Financial Stability Committee’s Decision

Financial Stability Committee’s Decision

24 September, 2018
In order to increase transparency and effectiveness of financial stability policy, from 2018 the Financial Stability Committee (FSC) moved onto the new framework. The FSC meets once a quarter according to the preannounced calendar, and after each meeting, a press release is published. It describes the current trends and challenges in the financial system, and the decisions of the committee. Moreover, twice a year committee meeting is followed by a press conference.

The FSC regularly assesses and analyzes external risks, domestic macro-financial environment, risks related to households and companies, systemic risks of banking and non-banking sectors. Based on this analysis, the Committee makes a decision regarding the macroprudential policy instruments, such as countercyclical capital buffer, additional capital requirements, limits on Loan-to-Value and Payment-to-Income ratios, liquidity requirements, etc.

Georgian Financial system maintains resilience against potential shocks. The banking sector remains highly capitalized and liquid. Starting from early 2018, after introducing new capital adequacy requirements, the quality of capital in commercial banks has improved and became more risk-oriented. Meanwhile, in light of improved economic activity, the share of non-performing loans in total lending tends to decrease. However, it should be noted, that usually in the ascending credit cycle the share of non-performing loans decreases. Therefore, this declining trend should not be interpreted too optimistically and unequivocally concluded that the credit risk associated with loans is low. In the first 7 months of 2018, real GDP has shown higher than expected growth reaching 5.5% in annual terms. As a result the gap of aggregate output from its potential level has been diminishing. However, given the latest developments in the region, the threat of transmitting macroeconomic and financial risks to the domestic economy has surged. To some extent, this contributed to a higher volatility in domestic financial markets. The National Bank of Georgia is examining the latest developments thoroughly and implementing consistent macroprudential policy in order to ensure the resilience of financial system.

Financial Stability Committee of the National Bank of Georgia made a decision to leave the countercyclical buffer unchanged, at 0%. In August 2018, the annual growth rate of loans, excluding the exchange rate effect, was 19%, out of which the loans to individuals contributed 11.5 pp and the loans to legal entities added the other 7.5 pp. Credit-to-GDP ratio slightly exceeds its long run trend1 partially due to the exchange rate effect as well as the growth of total credit. The growth rate of loans issued to legal entities has been moderate. However, the debt of companies remains highly dollarized.


Source: NBG; Geostat

* Credit includes loans directly issued by commercial banks and microfinance institutions as well as bonds issued domestically by the non-financial sector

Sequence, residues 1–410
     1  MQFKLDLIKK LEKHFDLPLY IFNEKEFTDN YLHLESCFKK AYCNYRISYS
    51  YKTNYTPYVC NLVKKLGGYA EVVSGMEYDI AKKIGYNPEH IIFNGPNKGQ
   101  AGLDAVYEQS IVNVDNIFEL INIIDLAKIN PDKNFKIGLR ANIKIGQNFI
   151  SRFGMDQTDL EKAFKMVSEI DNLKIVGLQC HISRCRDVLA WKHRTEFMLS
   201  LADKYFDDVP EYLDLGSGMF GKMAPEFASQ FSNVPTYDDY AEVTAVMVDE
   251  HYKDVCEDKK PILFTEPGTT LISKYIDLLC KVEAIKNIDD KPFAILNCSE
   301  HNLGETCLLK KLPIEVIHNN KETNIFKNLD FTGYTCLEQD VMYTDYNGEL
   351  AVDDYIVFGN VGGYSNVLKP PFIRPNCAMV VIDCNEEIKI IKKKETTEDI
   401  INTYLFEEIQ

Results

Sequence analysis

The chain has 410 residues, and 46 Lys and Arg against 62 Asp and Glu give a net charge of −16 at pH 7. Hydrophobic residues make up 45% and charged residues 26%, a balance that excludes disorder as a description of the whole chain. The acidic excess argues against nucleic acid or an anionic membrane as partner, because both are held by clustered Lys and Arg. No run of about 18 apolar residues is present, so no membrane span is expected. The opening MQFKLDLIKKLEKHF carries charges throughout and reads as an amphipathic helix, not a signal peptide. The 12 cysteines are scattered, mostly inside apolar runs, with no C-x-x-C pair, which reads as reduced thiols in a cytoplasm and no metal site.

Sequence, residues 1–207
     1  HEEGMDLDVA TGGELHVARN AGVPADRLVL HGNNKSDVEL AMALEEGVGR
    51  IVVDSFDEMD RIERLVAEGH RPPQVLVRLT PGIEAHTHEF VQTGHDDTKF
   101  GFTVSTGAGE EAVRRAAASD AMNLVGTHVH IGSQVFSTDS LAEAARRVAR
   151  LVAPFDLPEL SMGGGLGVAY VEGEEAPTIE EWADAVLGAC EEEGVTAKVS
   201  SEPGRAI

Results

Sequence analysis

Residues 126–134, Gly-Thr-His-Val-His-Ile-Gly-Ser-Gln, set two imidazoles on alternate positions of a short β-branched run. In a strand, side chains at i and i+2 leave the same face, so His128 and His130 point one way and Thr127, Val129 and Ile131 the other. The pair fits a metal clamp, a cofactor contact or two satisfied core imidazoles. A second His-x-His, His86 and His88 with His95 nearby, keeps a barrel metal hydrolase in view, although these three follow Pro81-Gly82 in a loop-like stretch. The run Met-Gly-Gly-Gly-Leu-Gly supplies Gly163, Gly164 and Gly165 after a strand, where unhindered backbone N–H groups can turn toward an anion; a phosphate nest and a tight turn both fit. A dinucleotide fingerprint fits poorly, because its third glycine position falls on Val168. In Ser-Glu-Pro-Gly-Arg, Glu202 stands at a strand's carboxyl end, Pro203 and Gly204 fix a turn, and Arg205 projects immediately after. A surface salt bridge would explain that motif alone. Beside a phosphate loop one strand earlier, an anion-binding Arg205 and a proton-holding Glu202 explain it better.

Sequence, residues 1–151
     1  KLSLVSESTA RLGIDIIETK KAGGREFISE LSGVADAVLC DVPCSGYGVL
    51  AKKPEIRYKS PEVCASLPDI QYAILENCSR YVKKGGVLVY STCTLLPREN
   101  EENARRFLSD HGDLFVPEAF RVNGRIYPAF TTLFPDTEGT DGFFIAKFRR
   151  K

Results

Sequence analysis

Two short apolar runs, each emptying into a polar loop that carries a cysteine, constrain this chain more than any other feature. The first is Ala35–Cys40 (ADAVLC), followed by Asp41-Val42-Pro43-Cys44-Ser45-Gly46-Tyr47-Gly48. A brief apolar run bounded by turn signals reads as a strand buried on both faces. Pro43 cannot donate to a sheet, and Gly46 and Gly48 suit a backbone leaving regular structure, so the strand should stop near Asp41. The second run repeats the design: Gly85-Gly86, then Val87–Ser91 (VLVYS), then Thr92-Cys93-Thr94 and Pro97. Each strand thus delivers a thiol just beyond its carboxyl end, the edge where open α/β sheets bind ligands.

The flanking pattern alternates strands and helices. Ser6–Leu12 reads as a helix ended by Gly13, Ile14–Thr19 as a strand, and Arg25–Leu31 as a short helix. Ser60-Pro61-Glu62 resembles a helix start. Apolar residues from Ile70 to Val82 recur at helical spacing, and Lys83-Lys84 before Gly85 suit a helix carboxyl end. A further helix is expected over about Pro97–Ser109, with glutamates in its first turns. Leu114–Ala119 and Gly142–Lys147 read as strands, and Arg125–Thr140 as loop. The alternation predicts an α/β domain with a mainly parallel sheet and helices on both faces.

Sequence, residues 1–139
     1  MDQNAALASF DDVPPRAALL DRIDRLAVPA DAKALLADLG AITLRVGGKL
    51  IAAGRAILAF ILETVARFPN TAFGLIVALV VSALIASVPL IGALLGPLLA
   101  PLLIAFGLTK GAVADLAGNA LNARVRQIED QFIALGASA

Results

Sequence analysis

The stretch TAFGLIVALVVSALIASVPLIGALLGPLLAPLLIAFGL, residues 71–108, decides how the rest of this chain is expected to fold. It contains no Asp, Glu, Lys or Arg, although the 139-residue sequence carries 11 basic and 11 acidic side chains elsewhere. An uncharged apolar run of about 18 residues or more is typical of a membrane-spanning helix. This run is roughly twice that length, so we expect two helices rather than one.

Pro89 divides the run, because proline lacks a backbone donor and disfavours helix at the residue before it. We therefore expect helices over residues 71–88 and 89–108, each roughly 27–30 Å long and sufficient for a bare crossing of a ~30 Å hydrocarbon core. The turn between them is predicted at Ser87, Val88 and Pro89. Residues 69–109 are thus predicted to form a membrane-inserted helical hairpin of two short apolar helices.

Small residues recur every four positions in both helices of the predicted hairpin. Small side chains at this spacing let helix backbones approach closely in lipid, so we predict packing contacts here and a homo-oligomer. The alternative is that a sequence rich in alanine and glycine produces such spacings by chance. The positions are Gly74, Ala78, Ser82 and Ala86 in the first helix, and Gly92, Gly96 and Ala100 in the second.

** Credit-to-GDP gap is the deviation of Credit-to-GDP ratio from its long-run trend. The trend is estimated using HP filter in line with the Basel recommendations


The National Bank of Georgia recommends financial institutions to take proper account of foreign currency-related interest rate risk in loan pricing. The risks related to dollarization remain a major challenge for the financial system. Recently, given the locally reduced interest rates on foreign currency loans, FX loans issued to individuals have increased. This might be an indication of underestimated foreign currency risks by borrowers as well as by banks. On the one hand, foreign currency denominated loans are exposed to exchange rate risk. On the other hand, they are accompanied by interest rate risk, which is especially noteworthy given the anticipated increase in interest rates on US dollar and Euro in global markets. In addition, the country risk premium2 should also be taken into account as it has been significantly depressed given the historically low interest rates in the aftermath of the Global Financial Crisis. Therefore, the possible impact of tightening in global financial conditions on the risk premiums of developing countries (in particular, Georgia) should also be considered when assessing foreign currency funding risks.

Within the responsible lending framework, Financial Stability Committee has decided to introduce regulation on issuance of loans to individuals. According to the regulation, financial institutions are required to issue loans based on the assessment of clients' debt repayment ability. In addition, payment-to-income (PTI) and loan-to-value (LTV) ratios should not exceed corresponding maximum norms. The norms will be differentiated by domestic and foreign currency denominated loans, which, in turn, is aimed at reducing the systemic risks induced by financial dollarization. The regulations will be enacted for commercial banks on November 1, 2018. Starting from January 1, 2019, these will be extended to all loan issuers. Additionally, starting from September 1, the maximum limit on effective interest rate on loans is set at 50%. The latter arrangement is expected to further cut down high-risk products in the market.

The National Bank of Georgia continues to monitor the country's financial stability and assess domestic and foreign risks. If necessary, it will use all available instruments to minimize the possible risks.

The Financial Stability Committee's next meeting will be held on November 21.




1The long run trend estimate is based on the methodology recommended by Basel Committee
2Georgia's sovereign risk premium is an additional interest margin for foreign investors, which they ask for investing in Georgia. For the measurement, the difference between yields of Eurobonds of Georgia and the US government securities is used.